Blaise Pascal French physicist, mathematician, and philosopher 1623 - 1662 Blaise Pascal was a French physicist, mathematician, and philosopher. He became known for his experiments with fluids in physics and for his work on probability theory in mathematics. In a work called Provincial Letters, Pascal helped create a modern French prose style. Pascal's important work on the pressure of fluids produced the principle called PASCAL's LAW. This principle, developed in the 1650's, states that fluid in vessels transmits pressure equally in all directions. It explains the operation of air compressors, vacuum pumps, and hydraulic elevators, jacks, and presses. Pascal's experiments helped prove that air has weight and that air pressure can produce a vacuum. At the time, many scientists doubted that a vacuum could exist. In 1654, Pascal and French mathematician Pierre de Fermat corresponded about the outcomes of games of chance. Their correspondence laid the foundation for a theory of probability. That same year, Pascal published a work on conic sections and described a triangular arrangement of numbers in which each number in any row is the sum of the two numbers immediately above it. This arrangement, called Pascal's triangle, can be used to calculate probabilities. Pascal also invented a calculating machine that performed addition and subtraction. Pascal was born in Clermont-Ferrand. He showed brilliance as a mathematician while still a boy. Pascal became absorbed in a religious movement called Jansenism and in late 1654 entered a Jansenist convent at Port-Royal. The Jesuit religious order charged the Jansenists with heresy and condemned Jansenist leader Antoine Arnauld. In reply, Pascal published 18 immensely popular satirical pamphlets called the Provincial Letters in 1656 and 1657. From 1658 until his death, Pascal worked on a defense of Christian faith. Fragments of this uncompleted work were discovered after his death and published as Pensees. This work expresses Pascal's belief that there are limits to the truths reason can know, and that faith from the heart in Christian revelation is the primary guide to truths.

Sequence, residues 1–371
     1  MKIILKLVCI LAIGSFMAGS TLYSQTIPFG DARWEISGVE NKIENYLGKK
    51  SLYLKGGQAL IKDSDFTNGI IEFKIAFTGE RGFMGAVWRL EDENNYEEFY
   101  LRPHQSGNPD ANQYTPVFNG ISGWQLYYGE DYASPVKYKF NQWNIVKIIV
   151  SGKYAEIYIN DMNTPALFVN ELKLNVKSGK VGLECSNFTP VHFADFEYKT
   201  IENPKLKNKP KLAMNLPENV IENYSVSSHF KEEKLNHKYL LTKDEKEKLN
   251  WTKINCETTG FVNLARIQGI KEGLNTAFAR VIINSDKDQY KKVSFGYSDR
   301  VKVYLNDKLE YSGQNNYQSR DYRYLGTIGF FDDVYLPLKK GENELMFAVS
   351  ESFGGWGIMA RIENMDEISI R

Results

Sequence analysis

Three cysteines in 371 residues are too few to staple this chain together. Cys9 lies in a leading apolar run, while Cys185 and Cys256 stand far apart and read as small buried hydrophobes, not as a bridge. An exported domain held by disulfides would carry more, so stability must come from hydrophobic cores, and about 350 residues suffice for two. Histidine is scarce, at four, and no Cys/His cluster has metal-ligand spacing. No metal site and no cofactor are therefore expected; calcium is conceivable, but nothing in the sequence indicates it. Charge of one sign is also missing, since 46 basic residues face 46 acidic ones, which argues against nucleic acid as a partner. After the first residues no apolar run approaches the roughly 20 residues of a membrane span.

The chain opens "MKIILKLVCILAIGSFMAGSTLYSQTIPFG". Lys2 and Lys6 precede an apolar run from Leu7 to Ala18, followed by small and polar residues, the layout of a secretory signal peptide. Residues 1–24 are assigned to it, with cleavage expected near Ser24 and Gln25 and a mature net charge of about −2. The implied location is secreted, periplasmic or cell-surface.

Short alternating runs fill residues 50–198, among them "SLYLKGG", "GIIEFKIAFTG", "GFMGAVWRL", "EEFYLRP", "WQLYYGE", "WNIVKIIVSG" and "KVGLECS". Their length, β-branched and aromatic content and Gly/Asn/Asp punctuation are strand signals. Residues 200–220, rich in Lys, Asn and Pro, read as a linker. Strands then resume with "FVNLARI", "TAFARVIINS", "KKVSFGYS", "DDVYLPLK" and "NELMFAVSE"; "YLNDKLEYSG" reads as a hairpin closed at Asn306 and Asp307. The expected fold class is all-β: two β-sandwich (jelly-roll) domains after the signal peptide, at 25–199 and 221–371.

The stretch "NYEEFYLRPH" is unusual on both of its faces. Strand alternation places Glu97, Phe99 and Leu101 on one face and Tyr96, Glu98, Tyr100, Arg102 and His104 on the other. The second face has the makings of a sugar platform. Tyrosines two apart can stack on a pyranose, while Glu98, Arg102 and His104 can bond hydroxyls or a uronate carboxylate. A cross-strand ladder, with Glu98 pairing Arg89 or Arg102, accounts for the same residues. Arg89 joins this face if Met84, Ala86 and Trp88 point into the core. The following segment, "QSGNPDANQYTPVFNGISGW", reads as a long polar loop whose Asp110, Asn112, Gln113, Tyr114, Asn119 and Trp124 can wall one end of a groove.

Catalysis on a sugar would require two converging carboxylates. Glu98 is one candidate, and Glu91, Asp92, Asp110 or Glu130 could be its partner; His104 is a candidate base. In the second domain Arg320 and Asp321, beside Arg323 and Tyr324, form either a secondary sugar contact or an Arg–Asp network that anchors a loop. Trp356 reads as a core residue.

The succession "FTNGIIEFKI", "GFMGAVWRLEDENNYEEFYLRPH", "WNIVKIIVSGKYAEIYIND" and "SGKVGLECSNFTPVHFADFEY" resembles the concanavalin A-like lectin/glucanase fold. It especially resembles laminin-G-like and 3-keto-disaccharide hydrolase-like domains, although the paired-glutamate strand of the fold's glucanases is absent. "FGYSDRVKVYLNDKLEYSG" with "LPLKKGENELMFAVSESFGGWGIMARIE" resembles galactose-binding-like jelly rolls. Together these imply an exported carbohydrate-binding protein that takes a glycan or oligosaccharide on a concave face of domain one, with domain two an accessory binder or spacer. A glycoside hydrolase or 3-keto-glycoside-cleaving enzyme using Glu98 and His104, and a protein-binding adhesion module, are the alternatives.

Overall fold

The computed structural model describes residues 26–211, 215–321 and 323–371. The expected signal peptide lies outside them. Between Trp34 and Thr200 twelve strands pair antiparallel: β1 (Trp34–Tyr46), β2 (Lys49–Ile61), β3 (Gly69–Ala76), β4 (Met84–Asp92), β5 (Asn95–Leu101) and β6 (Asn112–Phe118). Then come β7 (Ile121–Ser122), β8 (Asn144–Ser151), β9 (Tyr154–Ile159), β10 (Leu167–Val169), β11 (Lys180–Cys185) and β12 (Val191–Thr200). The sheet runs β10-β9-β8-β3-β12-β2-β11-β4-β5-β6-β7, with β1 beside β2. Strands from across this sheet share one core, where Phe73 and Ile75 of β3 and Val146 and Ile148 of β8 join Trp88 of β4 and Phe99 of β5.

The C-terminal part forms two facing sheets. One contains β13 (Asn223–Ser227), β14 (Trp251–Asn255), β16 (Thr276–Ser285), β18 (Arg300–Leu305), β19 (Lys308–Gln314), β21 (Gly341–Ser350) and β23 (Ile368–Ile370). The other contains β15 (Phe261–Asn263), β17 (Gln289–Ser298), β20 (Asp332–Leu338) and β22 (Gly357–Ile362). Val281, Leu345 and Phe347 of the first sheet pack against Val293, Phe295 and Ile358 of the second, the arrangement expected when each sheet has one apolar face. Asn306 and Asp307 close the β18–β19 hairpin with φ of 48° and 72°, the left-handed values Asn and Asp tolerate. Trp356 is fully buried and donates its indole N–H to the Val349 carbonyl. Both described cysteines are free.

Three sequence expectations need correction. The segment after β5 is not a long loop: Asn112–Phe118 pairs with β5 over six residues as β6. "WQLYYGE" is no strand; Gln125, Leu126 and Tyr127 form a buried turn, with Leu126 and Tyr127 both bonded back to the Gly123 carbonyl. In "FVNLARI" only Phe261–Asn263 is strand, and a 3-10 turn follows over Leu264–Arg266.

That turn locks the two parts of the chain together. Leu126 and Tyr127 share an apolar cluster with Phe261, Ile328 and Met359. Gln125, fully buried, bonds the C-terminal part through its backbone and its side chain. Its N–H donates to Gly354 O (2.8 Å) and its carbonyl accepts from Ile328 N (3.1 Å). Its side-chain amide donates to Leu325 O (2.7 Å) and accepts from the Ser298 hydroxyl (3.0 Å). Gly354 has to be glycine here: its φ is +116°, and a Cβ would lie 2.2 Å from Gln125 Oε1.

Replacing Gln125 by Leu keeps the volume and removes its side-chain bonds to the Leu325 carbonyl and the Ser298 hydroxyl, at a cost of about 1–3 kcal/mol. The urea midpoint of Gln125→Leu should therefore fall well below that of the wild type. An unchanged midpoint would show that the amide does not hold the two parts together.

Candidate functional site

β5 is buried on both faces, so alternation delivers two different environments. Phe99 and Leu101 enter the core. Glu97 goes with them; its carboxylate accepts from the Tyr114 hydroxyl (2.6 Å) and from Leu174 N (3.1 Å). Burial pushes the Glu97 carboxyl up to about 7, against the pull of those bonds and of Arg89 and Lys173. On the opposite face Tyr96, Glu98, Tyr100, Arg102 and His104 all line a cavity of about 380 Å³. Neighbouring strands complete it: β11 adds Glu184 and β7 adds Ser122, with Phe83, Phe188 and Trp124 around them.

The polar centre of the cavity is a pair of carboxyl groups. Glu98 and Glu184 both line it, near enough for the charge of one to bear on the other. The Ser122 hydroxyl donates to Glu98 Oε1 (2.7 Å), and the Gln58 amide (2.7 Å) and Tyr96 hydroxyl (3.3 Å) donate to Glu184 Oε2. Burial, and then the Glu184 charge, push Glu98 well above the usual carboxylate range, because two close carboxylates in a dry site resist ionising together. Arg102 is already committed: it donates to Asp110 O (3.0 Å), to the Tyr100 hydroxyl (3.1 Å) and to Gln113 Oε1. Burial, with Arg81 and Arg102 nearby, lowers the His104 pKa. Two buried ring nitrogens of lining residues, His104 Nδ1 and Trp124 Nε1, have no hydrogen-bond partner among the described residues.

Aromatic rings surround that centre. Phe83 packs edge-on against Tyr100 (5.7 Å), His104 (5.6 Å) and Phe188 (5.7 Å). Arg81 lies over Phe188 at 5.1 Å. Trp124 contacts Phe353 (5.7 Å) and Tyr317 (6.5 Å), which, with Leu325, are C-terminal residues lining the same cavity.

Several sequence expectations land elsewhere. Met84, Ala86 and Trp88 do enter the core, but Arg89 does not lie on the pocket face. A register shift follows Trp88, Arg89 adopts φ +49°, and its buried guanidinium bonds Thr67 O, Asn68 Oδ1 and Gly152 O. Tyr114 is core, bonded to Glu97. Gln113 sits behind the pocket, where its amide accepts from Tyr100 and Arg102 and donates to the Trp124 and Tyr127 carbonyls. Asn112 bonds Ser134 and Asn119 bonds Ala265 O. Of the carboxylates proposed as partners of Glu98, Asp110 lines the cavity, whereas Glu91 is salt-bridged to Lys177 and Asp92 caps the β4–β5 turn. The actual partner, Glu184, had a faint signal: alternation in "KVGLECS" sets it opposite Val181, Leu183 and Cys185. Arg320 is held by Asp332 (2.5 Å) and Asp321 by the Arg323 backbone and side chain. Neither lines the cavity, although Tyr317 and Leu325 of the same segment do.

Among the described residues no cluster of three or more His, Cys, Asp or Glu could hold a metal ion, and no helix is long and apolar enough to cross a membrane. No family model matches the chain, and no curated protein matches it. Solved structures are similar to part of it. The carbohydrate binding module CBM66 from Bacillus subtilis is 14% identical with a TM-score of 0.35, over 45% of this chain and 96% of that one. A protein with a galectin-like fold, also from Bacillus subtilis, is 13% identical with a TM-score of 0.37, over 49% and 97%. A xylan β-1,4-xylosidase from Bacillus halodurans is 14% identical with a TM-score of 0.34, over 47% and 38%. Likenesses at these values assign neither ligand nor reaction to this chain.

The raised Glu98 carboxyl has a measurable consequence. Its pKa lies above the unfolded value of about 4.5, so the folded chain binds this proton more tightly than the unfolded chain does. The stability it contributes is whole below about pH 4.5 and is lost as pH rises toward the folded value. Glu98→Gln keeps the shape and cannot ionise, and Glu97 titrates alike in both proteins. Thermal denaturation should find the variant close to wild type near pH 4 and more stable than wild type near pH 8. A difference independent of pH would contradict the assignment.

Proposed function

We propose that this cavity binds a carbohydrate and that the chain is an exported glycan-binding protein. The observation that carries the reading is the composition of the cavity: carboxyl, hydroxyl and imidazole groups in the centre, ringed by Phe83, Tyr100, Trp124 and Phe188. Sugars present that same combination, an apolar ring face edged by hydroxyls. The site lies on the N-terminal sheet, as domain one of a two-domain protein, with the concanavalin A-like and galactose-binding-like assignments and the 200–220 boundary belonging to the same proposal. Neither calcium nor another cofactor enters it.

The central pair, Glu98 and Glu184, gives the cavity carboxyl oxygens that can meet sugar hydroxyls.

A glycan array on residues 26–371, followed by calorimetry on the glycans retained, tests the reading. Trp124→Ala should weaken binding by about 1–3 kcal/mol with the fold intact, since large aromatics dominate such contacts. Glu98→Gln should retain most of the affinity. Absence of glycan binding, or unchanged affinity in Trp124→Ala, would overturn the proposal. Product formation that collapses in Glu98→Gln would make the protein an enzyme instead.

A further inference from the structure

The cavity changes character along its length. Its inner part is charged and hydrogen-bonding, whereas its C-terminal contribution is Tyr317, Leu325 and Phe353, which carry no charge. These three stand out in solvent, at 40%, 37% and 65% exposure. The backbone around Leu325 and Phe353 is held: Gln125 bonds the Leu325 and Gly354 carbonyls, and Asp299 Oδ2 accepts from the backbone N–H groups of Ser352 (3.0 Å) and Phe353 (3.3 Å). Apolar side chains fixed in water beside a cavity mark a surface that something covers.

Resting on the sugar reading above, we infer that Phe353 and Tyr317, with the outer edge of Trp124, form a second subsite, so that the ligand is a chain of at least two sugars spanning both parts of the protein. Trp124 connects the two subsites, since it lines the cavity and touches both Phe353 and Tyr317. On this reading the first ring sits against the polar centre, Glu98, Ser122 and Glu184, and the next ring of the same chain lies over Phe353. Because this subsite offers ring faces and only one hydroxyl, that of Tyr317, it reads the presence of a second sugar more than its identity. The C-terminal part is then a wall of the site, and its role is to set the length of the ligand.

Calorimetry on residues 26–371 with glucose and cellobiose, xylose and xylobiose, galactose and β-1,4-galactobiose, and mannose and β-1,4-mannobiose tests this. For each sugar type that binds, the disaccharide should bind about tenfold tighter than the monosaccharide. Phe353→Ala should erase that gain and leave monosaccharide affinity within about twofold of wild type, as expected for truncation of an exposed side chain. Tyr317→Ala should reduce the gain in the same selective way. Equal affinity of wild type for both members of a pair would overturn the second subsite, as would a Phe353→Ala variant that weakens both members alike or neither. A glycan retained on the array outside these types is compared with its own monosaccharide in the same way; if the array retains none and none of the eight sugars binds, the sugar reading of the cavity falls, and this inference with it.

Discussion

Contributor: Ronald S. Calinger, Ph.D., Associate Prof. of History, Catholic Univ. of America. SOURCE: IBM 1999 WORLD BOOK |
All rights reserved. For details and contact information: See License Agreement, Copyright Notice. |